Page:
I walk into an ancient Italian restaurant where I used to work that no longer exists. Ali is standing by the salad pick-up line, in his waiter clothes. I say hello to him. Then I ask him, “What are you doing here?” He says, “What?” I say, “Ali, you died. What are you doing here?” He says, “I don’t know what to do. I don’t know where I am.” I move forward to give him a hug and tell him, “You’ll be back. Just relax and move through this.”
I’m still in the restaurant, now discovering that the building that went up over it (a 4-story condo complex) has kept most of the original restaurant. The owner is there with his wife, and they are running the place. All this at their current ages (he is 90). People are coming in. I think to myself that I should bring the restaurant critic here. I see the wines that are there and that the selection needs work. The interior of the restaurant is looking more Mexican-Southwestern than Italian.
I am now shirtless and shoeless and know I must get out of the restaurant because the owner will say something to me.
My friend, Ali, died almost two years ago. He was in his early 50s. Although he played soccer and didn’t smoke, he had diabetes and was overweight. He had a heart attack and died. It was Christmastime, and his parents came from Iran. They have a large and close family. They buried their son and went back to Iran.
I felt like I lost my friend and his family. We talked of going to Iran; this was before the two countries started acting like enemies. Then he dies, and the country turns into our enemy.
How would it affect me if this happened to Italy? I don’t know what I would do. My parents and their parents had to deal with it during WWII. I remember talking to my cousin Luigi in Calabria about what that was like, from his perspective. He had been compelled to join the Italian army and was captured by the Americans and sent to a prison in Tunisia. While he didn’t seem bitter 30 years later, he lost part of his youth, incarcerated for the crimes of his leader.
Ali and I often talked about Persia, one of the birthplaces of the grape. I studied the Persian people from my work in restaurants and learned some of their language, enough to back off the most macho bullies. I think the Persians were, to me, the most Italian of the peoples of the Middle East. I recognized some of the moves and traits, probably from my own DNA, the Sicilian melting pot that houses all these codes.
And, out of the blue in my dream, Ali appears and looks lost and confused. As if he hasn’t even been able to rest in peace. I know there are souls who don’t know they have lost their bodies. Was he one of them? And what was I doing telling him to relax, that he’d return?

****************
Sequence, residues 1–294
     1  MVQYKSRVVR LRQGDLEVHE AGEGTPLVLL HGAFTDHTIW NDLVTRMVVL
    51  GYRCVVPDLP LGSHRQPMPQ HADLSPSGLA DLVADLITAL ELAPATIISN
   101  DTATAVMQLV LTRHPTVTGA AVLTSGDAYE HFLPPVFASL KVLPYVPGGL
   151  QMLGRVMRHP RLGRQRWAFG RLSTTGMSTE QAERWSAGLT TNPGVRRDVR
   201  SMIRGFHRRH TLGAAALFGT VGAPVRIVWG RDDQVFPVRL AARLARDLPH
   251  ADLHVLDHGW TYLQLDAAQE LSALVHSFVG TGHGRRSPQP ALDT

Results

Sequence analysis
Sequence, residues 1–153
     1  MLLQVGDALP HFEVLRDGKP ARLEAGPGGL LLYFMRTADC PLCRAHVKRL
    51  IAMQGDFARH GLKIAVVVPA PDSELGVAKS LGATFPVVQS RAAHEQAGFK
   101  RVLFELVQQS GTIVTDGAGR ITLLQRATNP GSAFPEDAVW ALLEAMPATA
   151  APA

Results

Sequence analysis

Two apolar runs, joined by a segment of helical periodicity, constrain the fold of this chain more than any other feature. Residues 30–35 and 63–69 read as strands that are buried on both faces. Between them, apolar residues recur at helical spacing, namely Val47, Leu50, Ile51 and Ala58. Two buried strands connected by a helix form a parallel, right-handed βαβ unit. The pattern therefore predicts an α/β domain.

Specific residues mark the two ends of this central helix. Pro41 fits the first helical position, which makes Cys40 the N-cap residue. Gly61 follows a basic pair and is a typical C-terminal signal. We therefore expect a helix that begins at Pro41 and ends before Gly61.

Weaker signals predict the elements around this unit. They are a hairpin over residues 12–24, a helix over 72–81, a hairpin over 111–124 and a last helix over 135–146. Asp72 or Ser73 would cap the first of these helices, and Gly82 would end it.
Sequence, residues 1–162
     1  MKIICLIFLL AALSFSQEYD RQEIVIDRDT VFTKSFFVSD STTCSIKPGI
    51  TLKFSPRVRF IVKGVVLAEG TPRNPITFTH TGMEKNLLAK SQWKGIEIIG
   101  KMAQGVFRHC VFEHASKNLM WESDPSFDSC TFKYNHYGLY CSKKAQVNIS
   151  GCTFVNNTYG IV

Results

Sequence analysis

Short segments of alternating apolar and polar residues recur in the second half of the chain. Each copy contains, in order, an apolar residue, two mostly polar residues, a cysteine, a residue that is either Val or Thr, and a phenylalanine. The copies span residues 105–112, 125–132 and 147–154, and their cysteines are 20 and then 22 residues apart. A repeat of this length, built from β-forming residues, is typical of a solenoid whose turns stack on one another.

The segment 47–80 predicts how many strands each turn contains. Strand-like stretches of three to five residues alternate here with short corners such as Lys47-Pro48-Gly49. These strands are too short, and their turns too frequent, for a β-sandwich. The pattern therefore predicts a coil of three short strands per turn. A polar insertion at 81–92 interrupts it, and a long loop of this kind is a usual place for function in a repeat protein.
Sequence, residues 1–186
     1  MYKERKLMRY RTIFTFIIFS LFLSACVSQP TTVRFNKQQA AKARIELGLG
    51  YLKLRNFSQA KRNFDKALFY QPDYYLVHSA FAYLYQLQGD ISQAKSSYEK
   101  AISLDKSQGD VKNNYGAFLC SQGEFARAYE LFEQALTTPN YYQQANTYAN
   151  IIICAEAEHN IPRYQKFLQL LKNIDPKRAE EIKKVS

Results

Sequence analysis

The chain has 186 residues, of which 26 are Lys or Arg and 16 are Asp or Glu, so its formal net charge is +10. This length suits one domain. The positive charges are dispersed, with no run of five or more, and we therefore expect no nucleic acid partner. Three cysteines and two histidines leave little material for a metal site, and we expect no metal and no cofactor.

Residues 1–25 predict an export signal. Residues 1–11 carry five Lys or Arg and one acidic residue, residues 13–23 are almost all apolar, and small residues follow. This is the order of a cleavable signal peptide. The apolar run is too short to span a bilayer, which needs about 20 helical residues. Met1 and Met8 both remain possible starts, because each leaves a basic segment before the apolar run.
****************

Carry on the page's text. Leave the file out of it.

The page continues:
Another friend of mine, Brad, should have died many times, but he is very much alive. Working as a war correspondent, he reported from the front lines of the first gulf war (GWI?), under the night lights, in front of the advancing Marines. And in Afghanistan and China and Albania, wherever there was a conflict or trouble, Brad was there. When he wrote me and told me he had stage 4 cancer, we stayed in touch. My wife was entering the beginning of the end of her life, which had been ravaged by multiple sclerosis. So we had a common thread, the closeness of death and the fragility of life.
After my wife died and after my friend overcame his cancer, through meditation (and with a little luck), I have managed to stay in touch with him. As with many people in my life, it seems I have to be the one to reach out over to their side. Now Brad has embraced yoga, is on his way to mastery of it, changed his name to a more appropriate yogic moniker, and passed into the fogless realm of self-realization. It’s not that we aren’t friends. It’s just that he seems too busy to be an active friend. So I talk to my dead friend while a living one is as if he had passed over.
These friends are like wines in my cellar. There are old wines that have lost their life and sit in the darkness, not knowing they will never be opened or enjoyed. There are wines that are still alive but going through a stage where they are undrinkable. Of course there are wines in there that are ready today, like some of my friends. A Carlo or a Patty or a William or a Joe. A Chianti or a Riesling or a Zinfandel or a Barbera.
Choose your wines like your friends. Enjoy them both. Forgive the friends (and the wines) if they don’t come up to par all the time. And open them all, often.
Photos by the author